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The Pythonidae, commonly known simply as pythons, from the Greek word python (πυθων), are a family of nonvenomous snakes found in Africa, Asia, and Australia.

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Rainforests are forests characterized by high rainfall, with annual rainfall between.

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A river is a natural flowing watercourse, usually freshwater, flowing towards an ocean, sea, lake or another river.

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Rock (geology)

In geology, rock is a naturally occurring solid aggregate of one or more minerals or mineraloids.

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Rodents (from Latin rodere, "to gnaw") are mammals of the order Rodentia, which are characterized by a single pair of unremittingly growing incisors in each of the upper and lower jaws.

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A savanna or savannah is a grassland ecosystem characterised by the trees being sufficiently widely spaced so that the canopy does not close.

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Sea ice

Sea ice arises as seawater freezes.

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Seafloor spreading

Seafloor spreading is a process that occurs at mid-ocean ridges, where new oceanic crust is formed through volcanic activity and then gradually moves away from the ridge.

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A season is a division of the year, marked by changes in weather, ecology and hours of daylight.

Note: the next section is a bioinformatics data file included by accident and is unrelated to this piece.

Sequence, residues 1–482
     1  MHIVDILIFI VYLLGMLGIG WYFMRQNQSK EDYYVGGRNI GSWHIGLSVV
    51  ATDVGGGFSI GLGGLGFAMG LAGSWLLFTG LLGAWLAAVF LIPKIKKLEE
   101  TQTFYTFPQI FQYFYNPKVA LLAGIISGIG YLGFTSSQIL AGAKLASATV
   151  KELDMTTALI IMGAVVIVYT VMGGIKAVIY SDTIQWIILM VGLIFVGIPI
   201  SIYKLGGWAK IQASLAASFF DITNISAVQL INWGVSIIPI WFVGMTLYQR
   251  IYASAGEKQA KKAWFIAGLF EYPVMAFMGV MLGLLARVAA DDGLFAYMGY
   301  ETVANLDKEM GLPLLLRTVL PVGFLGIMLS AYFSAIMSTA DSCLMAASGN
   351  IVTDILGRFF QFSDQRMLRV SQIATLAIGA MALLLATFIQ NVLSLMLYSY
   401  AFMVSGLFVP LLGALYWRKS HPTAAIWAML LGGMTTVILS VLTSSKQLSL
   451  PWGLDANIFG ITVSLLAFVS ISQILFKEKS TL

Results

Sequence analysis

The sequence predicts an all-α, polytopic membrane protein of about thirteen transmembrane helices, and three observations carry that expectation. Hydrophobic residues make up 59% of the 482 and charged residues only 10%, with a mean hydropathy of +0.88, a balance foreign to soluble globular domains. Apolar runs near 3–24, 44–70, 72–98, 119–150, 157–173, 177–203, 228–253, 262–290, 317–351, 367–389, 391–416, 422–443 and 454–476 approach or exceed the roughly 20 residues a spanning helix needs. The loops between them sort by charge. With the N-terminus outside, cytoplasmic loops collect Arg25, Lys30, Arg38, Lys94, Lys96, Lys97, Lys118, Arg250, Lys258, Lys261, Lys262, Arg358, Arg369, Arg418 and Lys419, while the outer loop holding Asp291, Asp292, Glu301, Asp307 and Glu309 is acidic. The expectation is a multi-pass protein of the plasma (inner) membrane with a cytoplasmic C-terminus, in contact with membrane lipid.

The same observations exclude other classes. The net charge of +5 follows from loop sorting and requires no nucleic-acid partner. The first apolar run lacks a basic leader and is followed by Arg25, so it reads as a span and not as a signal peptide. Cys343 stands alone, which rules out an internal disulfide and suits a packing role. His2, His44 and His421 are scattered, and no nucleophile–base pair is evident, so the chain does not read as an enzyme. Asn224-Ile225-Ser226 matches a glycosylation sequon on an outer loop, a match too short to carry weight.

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Sirenia (commonly referred to as sea cows) are an order of fully aquatic, herbivorous mammals that inhabit swamps, rivers, estuaries, marine wetlands, and coastal marine waters.

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Snakes are elongated, legless, carnivorous reptiles of the suborder Serpentes that can be distinguished from legless lizards by their lack of eyelids and external ears.

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South America

South America is a continent located in the Western Hemisphere, mostly in the Southern Hemisphere, with a relatively small portion in the Northern Hemisphere.

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South Asia

South Asia or Southern Asia is a term used to represent the southern region of the Asian continent, which comprises the sub-Himalayan SAARC countries and, for some authorities, adjoining countries to the west and east.

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Southeast Asia

Southeast Asia or Southeastern Asia is a subregion of Asia, consisting of the countries that are geographically south of China, east of India, west of New Guinea and north of Australia.

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Southeastern United States

The Southeastern United States is the eastern portion of the Southern United States, and the southern portion of the Eastern United States.

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Southern Ocean

The Southern Ocean, also known as the Antarctic Ocean or the Austral Ocean, comprises the southernmost waters of the World Ocean, generally taken to be south of 60° S latitude and encircling Antarctica.

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In geology and related fields, a stratum (plural: strata) is a layer of sedimentary rock or soil with internally consistent characteristics that distinguish it from other layers.

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The subtropics are geographic and climate zones located roughly between the tropic circle of latitude (the Tropic of Cancer and Tropic of Capricorn) and the 38th parallel in each hemisphere.

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In geology, a supercontinent is the assembly of most or all of the Earth's continental blocks or cratons to form a single large landmass.

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A swamp is a wetland that is forested.

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A temperature is an objective comparative measure of hot or cold.